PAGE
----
My husband and I stayed here for three nights while visiting Kyoto in November 2012.
It wasn’t our first choice, but we booked quite late and found it hard to find accommodation over the weekend. Having said that, we didn’t have any issues with the accommodation.
I had read other reviews stating that the ryokan is difficult to find, but armed with a map from its website we were easily able to navigate our way there from Kyoto station. I’d say it’s a 10-15 minute walk from the station without luggage and a 15-20 minute walk with luggage. We found the walk to be fine, but if you have a lot of bags or are arriving at night a taxi would probably be your best bet.
We were greeted with tea on arrival and shown to our room, which was the Tea Ceremony Room.
We found the room to be fairly small but comfortable. It had tatami mats; floor level chairs and table; a separate toilet and shower (in a tiny bathroom); tea supplies; a bar fridge for storing drinks (vending machine in the street outside); and futons/pillows/bedding which you had to set up yourselves. Some people would probably prefer to have their beds made for them, but we found it quite fun to be able to arrange it how we liked. There were a couple of Japanese bathrobes as well.
The TV channels were mainly in Japanese but we found a button on the remote that would remove the Japanese dubbing from any American shows and convert them back to English.
There is free wi-fi available in the communal area but not in the rooms themselves. There is also a computer terminal, but this was usually occupied by another guest. The communal area had a bit of a youth hostel feel, with people hanging out and chatting to other guests. It could get a little noisy in the morning when everyone was having breakfast, but nothing too bad.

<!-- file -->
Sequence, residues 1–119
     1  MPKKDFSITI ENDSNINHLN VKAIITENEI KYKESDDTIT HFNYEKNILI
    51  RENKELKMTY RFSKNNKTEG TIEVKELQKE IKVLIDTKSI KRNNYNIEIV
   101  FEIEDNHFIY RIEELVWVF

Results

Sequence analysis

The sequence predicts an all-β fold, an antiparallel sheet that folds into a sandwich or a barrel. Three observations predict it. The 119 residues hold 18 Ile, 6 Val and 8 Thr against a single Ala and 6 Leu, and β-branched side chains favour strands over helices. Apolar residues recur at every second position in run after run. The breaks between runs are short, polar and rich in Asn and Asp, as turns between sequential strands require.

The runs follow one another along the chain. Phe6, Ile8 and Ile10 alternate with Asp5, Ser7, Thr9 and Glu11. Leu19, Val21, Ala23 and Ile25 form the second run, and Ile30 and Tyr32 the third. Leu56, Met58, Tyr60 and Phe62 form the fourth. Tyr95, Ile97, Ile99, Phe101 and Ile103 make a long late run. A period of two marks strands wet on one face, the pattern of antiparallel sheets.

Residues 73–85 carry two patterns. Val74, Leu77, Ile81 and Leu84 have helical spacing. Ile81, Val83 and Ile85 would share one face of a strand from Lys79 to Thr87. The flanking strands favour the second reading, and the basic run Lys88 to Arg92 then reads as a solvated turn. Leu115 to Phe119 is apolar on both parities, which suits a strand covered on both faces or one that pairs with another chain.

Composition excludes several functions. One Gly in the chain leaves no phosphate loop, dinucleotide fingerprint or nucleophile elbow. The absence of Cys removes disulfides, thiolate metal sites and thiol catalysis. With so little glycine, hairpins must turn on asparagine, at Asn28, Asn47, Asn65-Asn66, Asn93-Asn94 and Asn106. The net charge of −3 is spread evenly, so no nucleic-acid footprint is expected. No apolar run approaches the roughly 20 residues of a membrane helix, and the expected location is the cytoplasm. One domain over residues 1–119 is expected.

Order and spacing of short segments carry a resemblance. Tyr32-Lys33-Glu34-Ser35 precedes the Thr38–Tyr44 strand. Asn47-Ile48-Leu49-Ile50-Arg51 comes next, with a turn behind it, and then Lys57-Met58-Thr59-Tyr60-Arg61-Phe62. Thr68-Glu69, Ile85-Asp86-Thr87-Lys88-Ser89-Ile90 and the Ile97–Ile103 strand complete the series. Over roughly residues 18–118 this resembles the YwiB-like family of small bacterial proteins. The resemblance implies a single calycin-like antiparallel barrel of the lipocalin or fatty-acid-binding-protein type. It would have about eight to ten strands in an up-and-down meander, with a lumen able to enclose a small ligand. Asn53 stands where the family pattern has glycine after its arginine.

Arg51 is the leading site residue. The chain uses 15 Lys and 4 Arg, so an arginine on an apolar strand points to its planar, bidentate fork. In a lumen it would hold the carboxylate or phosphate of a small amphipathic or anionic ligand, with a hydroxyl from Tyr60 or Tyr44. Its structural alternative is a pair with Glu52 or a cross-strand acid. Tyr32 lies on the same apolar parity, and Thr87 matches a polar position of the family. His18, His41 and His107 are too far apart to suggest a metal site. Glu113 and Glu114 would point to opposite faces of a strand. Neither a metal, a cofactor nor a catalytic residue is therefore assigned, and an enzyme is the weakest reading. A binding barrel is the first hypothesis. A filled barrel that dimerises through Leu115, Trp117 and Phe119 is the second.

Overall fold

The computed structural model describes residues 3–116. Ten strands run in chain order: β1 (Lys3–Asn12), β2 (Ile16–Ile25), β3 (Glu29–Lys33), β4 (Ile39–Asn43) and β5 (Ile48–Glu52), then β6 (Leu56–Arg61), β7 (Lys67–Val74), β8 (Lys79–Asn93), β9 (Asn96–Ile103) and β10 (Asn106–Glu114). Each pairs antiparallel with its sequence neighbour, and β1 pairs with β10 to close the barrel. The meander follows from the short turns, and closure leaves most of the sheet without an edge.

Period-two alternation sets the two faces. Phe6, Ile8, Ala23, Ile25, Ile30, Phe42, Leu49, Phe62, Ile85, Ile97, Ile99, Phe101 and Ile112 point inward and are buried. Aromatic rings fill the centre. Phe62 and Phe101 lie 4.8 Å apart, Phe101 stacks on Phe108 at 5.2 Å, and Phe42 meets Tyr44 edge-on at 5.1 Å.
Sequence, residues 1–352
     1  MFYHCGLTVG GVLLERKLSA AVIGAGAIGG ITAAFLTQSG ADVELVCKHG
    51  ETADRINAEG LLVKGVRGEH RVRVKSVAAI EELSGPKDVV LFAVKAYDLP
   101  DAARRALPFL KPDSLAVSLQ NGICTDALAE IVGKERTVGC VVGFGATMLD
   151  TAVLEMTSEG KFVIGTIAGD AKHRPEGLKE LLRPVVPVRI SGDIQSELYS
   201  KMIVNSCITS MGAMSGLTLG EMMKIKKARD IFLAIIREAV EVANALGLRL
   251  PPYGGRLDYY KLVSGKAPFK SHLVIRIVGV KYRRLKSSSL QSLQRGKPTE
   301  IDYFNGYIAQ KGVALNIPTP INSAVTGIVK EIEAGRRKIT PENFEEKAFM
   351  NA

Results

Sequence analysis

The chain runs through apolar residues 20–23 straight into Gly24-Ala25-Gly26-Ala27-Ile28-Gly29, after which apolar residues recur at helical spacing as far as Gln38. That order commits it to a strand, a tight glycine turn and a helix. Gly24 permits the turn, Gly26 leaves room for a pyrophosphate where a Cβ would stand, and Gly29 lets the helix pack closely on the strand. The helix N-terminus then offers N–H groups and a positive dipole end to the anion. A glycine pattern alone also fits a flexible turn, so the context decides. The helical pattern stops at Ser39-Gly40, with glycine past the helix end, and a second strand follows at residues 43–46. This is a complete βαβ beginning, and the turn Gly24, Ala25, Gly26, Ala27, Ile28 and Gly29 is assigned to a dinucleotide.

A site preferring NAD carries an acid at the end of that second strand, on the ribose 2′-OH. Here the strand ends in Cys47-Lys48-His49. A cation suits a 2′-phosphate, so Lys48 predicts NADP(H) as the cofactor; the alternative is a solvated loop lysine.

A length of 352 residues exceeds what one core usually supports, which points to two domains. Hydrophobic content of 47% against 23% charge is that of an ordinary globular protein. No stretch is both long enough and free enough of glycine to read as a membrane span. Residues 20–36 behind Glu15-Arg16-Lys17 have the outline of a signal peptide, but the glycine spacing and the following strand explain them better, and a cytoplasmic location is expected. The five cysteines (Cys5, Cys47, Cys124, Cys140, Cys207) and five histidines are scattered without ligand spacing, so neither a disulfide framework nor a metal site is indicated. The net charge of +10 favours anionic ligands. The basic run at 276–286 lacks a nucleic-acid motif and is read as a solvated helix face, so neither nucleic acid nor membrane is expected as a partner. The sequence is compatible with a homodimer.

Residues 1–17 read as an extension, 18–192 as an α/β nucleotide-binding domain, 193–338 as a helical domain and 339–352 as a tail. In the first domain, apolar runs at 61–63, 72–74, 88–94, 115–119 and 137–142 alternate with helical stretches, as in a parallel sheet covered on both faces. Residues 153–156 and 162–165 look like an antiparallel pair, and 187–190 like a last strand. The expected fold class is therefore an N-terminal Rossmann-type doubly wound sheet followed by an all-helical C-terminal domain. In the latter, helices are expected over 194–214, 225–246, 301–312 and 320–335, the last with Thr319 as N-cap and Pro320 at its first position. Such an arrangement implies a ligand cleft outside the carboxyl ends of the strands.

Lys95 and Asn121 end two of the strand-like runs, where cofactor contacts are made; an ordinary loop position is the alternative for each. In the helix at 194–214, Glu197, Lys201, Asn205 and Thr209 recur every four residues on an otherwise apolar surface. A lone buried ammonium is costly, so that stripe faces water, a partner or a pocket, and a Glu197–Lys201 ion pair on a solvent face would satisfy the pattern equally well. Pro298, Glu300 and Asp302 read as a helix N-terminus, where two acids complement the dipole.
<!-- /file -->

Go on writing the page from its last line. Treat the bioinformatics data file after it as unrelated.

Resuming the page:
We ordered breakfast at the ryokan on the first day (choice of toast, yoghurt, ham, etc). It was very cheap but pretty average. A better option is the Royal Host restaurant around the corner, which is apparently open 24 hours a day, is affordable, and has a wider range and all you can drink bar.
The staff was very helpful, with excellent English. They told us how to get to Arashiyama ourselves instead of wasting money on a guided tour. They also pointed us towards some great little authentic okonomiyaki and tempura restaurants nearby, where we had some of our best and cheapest meals in Japan.
While the ryokan is close to Kyoto Station and a World Heritage listed temple, it is not centrally located so you will need to get a bus to places such as Gion. Reception sells all-day bus passes for a few dollars.
It poured with rain one day during our stay so the umbrellas at reception were a welcome feature. You just take one in the morning and return it when you get back. We also found the on site washing machine useful.
I’d say this is a good option if you don’t mind not being in the centre of town and getting around via bus. It’s also not a traditional ryokan, with no dinner provided and no curfew, so if you’re looking for an authentic ryokan experience go elsewhere – but you won’t find a proper ryokan for a cheaper price.
For us, it was an affordable way to get a piece of the ryokan experience, while being able to eat what we liked, come and go as we pleased, and save a few dollars as well.
This review is the subjective opinion of a TripAdvisor member and not of TripAdvisor LLC.